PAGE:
- A US clothing company is encouraging customers to return underwear they’ve bought from the firm instead of throwing it away.
- Around 5 million kilogrammes of underwear a day ends up in landfill sites across the US.
- The fashion industry could use up a quarter of the world’s carbon budget by 2050.
- The lost value from discarded clothes is $500 billion.
What do you do with your unwanted underwear? Chances are you throw them away.
Now a clothing company in Philadelphia, US, says it’s time to stop casting our undergarments aside. About 5 million kilogrammes of unwanted underwear ends up in landfill sites across the US every day, according to The Big Favorite.
It says it’s bringing circularity to underwear – “the one category remaining that can’t be donated or resold” – by encouraging customers to return their old undies to the company for recycling instead of throwing them away.
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By asking customers to do this, The Big Favorite is assuming responsibility for the end-of-life stage of those garments. It uses the returned items to produce yarn, which is woven into fabric for new clothes. In return, customers get credits on their account which can be used for new purchases. Alternatively, their credit can be converted into a donation to a climate-friendly initiative.
“We know it’s sort of weird to think about sending back your understuff,” the company says on its website. “But throwing things into landfills is way grosser.” It asks that items are washed before they’re returned, and it promises all returned underwear is processed anonymously.
If you find the idea of recycling underwear amusing – or perhaps even bemusing – there is a serious point to be made here.
The fashion industry has faced pressure to reduce its environmental impact for years. Around $500 billion a year is lost as a result of clothes “being barely worn and rarely recycled,” according to the Ellen MacArthur Foundation, an organization that promotes the circular economy. The sector could also use up a quarter of the world’s carbon budget by 2050 unless current rates of production, consumption and disposal change for the better, the Foundation says.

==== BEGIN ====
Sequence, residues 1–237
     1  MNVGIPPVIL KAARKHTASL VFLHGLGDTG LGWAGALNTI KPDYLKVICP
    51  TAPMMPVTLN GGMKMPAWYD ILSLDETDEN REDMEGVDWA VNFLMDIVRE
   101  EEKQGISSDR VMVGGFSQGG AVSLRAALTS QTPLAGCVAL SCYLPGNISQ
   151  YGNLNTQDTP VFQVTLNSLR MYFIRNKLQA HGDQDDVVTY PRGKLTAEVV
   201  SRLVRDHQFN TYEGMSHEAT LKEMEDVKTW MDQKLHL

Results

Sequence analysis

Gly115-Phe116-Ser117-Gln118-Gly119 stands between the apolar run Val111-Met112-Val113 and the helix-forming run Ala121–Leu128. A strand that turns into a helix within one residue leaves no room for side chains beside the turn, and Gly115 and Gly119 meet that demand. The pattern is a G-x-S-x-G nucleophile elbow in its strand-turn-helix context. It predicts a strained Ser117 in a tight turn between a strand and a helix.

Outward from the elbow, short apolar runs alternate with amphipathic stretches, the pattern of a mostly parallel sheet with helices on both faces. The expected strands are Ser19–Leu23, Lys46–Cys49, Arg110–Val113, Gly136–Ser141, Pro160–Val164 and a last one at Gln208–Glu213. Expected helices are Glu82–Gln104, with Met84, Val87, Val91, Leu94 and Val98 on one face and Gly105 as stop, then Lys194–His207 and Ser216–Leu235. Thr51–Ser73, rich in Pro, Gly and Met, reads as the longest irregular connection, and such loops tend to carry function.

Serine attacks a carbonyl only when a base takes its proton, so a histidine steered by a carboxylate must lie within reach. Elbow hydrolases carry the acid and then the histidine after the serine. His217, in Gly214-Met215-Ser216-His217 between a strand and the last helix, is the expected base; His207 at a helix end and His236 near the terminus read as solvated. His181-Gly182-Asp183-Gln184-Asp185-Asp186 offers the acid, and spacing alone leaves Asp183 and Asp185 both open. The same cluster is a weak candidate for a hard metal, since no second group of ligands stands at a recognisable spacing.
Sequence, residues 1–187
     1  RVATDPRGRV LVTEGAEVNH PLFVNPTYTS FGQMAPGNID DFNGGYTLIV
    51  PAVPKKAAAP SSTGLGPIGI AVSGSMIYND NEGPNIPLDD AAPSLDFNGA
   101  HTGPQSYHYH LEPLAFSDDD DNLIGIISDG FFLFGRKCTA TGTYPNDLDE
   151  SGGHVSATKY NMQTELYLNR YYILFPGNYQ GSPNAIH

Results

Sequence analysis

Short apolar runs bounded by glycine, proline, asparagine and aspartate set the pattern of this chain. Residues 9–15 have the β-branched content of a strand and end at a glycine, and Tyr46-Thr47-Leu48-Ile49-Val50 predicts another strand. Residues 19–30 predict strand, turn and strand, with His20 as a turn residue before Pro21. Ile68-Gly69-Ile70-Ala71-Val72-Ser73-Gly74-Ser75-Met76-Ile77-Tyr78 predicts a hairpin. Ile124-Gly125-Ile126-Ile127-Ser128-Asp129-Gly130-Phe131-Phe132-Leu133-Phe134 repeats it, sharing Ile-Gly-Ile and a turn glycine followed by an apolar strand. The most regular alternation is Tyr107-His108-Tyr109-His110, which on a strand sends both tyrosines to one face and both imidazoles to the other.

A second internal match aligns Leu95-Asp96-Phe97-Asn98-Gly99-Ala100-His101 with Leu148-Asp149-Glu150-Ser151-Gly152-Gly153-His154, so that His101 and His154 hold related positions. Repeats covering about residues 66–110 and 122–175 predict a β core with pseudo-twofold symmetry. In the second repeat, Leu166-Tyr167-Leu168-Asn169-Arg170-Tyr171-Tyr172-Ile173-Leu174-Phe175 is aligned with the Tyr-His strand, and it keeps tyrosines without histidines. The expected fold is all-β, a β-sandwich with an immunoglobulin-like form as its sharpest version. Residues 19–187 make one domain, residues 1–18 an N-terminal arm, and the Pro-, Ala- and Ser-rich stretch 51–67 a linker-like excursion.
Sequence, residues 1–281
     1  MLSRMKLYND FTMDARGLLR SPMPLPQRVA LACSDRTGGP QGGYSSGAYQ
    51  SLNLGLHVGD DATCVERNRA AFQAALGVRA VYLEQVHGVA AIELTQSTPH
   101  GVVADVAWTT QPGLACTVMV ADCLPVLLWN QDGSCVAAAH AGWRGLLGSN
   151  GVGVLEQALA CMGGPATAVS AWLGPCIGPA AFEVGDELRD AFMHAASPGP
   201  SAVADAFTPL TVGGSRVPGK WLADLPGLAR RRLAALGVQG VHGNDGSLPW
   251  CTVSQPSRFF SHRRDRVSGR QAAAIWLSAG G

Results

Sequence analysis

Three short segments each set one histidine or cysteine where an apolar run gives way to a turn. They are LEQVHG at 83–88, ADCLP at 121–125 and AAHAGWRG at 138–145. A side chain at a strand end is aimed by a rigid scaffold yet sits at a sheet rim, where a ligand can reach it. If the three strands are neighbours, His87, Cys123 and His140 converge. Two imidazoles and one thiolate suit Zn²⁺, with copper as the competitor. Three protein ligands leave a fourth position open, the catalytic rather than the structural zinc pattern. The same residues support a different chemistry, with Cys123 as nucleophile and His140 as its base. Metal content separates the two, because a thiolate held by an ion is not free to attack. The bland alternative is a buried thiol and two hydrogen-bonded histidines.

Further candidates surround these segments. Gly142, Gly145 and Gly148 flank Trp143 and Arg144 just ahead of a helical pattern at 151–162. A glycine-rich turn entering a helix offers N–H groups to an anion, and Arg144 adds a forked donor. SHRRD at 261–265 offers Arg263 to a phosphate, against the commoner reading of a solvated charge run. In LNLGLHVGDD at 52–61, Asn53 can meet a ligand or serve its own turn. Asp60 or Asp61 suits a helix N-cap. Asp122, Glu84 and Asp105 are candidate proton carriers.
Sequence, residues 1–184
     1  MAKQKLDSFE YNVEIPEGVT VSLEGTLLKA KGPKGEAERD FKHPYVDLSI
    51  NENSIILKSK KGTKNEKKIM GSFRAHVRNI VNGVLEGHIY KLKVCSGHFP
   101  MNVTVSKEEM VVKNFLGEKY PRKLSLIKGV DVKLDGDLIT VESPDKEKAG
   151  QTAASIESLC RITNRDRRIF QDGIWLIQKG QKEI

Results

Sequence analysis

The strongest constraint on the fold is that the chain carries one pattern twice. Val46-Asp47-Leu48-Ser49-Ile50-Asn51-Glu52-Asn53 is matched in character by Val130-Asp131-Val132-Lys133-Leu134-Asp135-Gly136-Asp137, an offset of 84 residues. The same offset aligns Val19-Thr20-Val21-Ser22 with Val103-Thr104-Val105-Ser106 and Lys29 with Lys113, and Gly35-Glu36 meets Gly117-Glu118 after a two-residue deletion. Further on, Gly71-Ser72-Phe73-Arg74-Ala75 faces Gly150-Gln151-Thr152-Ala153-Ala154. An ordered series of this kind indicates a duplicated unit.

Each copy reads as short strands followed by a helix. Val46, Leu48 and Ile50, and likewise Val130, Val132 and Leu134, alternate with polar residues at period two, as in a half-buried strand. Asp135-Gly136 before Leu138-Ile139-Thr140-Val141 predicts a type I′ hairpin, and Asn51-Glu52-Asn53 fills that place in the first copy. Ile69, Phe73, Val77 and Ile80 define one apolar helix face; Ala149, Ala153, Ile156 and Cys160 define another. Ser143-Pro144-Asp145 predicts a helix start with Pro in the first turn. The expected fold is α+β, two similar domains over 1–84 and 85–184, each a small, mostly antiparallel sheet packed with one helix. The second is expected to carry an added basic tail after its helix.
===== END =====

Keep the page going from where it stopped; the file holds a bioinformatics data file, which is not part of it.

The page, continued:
What is the World Economic Forum doing about the circular economy?
The World Economic Forum has created a series of initiatives to promote circularity.
1. Scale360° Playbook was designed to build lasting ecosystems for the circular economy and help solutions scale.
Its unique hub-based approach - launched this September - is designed to prioritize circular innovation while fostering communities that allow innovators from around the world to share ideas and solutions. Emerging innovators from around the world can connect and work together ideas and solutions through the UpLink, the Forum's open innovation platform.
Discover how the Scale360° Playbook can drive circular innovation in your community.
2. A new Circular Cars Initiative (CCI) embodies an ambition for a more circular automotive industry. It represents a coalition of more than 60 automakers, suppliers, research institutions, NGOs and international organizations committed to realizing this near-term ambition.
CCI has recently released a new series of circularity “roadmaps”, developed in collaboration with the World Economic Forum, the World Business Council for Sustainable Development (WBCSD), McKinsey & Co. and Accenture Strategy. These reports explain the specifics of this new circular transition.
Connect to Learn More →
3. The World Economic Forum’s Accelerating Digital Traceability for Sustainable Production initiative brings together manufacturers, suppliers, consumers and regulators to jointly establish solutions and provide a supporting ecosystem to increase supply chain visibility and accelerate sustainability and circularity across manufacturing and production sectors.
Connect to Learn More →
Some fashion firms are addressing such issues by joining initiatives to cut back on pollution and grow cotton more sustainably. And the United Nations has launched the Alliance for Sustainable Fashion to coordinate efforts across the industry.
Recycling clothes can be a tricky business. Some items are made from a combination of different fibres, some natural and some synthetic. Similarly, some garments – sports footwear in particular – contain plastic. The underwear from The Big Favorite is 100% cotton, which it says makes it easier to recycle into new items.
In an interview with the fashion publication Vogue, The Big Favorite’s founder, Eleanor Turner, said: “Brands will try to approach circularity as an afterthought, but that’s inauthentic. It has to be part of your approach from the very beginning. Our products were specifically designed for their ‘end of life’ – they’re engineered to come apart easily.”
The Big Favorite itself has also been recycled. Originally a retailer selling workwear in the US, it was set up in the 1930s by one of Turner’s grandfathers, and she re-established the brand in 2020.